A campaign to persuade employers that it makes good business sense, as well as being good for employees, to manage health and safety sensibly has been launched by the Health & Safety Executive (HSE).
It is citing a range of companies that have applied a managed approach, including making active use of OH, and reaped the benefits in terms of improved profitability.
Examples being highlighted include Rolls-Royce, which has saved 11m through an absence management policy, reducing absence by around 15% and stress-related absence to just 16%.
Others include British Polythene Industries, which, after introducing a rehabilitation scheme, saw a more than 80% reduction in the number of working days lost to musculoskeletal disorders (MSDs).
Severn Trent is also recognised for reducing its accidents level by nearly half, and the proportion of those attributable to MSDs from 75% to about 20%. This led to sharp decrease in days lost through absence and an anticipated reduction in civil liability claims, said the HSE.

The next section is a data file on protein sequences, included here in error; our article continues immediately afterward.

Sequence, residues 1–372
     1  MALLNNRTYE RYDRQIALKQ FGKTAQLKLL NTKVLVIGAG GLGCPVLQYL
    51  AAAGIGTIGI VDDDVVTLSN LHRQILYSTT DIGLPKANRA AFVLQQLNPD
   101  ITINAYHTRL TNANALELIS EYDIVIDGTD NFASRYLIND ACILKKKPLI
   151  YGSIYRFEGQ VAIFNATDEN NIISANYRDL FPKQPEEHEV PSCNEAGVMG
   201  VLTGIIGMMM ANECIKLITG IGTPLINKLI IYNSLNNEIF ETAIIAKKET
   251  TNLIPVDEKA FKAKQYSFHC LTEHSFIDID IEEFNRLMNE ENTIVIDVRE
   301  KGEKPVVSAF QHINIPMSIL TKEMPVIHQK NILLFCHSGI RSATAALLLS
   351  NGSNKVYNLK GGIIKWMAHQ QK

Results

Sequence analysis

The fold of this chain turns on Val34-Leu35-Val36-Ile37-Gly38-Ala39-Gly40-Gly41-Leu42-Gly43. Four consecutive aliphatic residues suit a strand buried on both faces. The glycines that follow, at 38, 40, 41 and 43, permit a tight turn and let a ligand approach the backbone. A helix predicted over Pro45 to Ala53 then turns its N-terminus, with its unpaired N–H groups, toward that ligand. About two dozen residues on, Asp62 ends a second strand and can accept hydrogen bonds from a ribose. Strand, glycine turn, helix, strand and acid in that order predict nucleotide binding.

Minister for work Jane Kennedy said: “The reductions in days lost through ill-health that some have achieved pay off financially and should encourage other businesses to follow their example.”
HSE director general, Timothy Walker, added: “Managing health and safety cannot be viewed in isolation from managing a business overall.”